The Absorbers are essentially the same design as the Diffusors, but have an acoustically transparent rather than a solid diffusing front and don't include the MLV membrane; instead, they give the cotton open access to the room. The Corner Trap is a triangular wooden frame filled with recycled cotton; a Medium Diffusor serves as the faceplate. It's among the lightest corner traps I have encountered.

In Treatment
My listening room is 11' 8" wide by 18' long, with 8' ceilings at the front and 7' ceilings behind the listening position. The floor is concrete, with a very thick pad and shag—I mean frieze—carpeting. When I remodeled and renovated the room a little over a year ago, I even had the studs shimmed out to make the double-hung drywall on the sidewalls nonparallel. Even naked, it's a good-sounding room—all my audio buddies agree that I'm lucky to have this space. Normally, the room is nominally treated with four Echo Busters panels along the sidewalls, placed at the points of the first and second reflections. Until the Curve System, I hadn't tried—or even felt the need—to mess with the sound much more.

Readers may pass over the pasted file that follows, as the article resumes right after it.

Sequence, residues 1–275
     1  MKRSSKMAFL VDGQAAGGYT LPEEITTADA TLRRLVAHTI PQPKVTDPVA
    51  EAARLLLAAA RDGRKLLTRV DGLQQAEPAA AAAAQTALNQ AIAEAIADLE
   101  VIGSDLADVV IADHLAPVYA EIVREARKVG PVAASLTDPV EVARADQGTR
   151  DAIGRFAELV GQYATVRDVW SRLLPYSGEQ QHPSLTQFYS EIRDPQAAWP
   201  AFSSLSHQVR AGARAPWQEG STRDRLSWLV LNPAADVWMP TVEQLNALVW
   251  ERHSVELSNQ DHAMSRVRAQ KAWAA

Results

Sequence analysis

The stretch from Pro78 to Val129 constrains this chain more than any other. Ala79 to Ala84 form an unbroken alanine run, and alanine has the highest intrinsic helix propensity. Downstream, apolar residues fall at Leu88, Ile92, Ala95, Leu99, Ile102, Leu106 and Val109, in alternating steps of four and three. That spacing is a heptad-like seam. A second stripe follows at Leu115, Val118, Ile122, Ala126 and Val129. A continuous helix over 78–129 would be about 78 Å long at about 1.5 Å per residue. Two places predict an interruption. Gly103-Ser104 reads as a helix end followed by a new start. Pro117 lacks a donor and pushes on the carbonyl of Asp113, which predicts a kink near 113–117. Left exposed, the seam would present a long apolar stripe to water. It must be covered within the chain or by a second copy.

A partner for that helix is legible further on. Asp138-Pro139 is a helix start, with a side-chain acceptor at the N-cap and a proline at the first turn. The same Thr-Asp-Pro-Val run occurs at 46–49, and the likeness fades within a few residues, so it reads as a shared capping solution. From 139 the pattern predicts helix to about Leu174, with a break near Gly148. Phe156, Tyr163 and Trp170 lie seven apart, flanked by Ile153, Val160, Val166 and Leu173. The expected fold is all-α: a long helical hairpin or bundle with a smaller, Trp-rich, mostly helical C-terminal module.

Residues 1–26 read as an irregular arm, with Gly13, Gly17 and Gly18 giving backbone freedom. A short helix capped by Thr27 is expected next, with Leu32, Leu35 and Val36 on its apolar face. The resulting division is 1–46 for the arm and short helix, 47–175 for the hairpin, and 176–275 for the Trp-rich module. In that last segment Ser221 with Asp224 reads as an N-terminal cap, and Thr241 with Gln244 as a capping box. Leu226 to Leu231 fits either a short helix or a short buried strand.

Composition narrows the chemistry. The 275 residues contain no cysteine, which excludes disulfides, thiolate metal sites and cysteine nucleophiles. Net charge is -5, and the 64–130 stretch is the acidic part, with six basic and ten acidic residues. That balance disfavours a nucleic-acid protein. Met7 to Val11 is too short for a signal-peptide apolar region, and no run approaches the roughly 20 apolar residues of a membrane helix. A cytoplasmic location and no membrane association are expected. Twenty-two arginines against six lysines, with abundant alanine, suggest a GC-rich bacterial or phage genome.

COMPANY INFO
Acoustical Surfaces, Inc.
123 Columbia Court N.
Chaska, MN 55318
(888) 227-6645
ARTICLE CONTENTS
Share | |
COMMENTS
deckeda's picture

I've come to the conclusion that listening rooms sound only as good as the memories created in them.

For those of us that have yet to include room treatments, either commercial or hand-made, your review shows how it can be done in a controlled, sane manner.

But I wonder about those two IKEA floor lights. You're not concerned about those loose panels flapping around from low frequencies?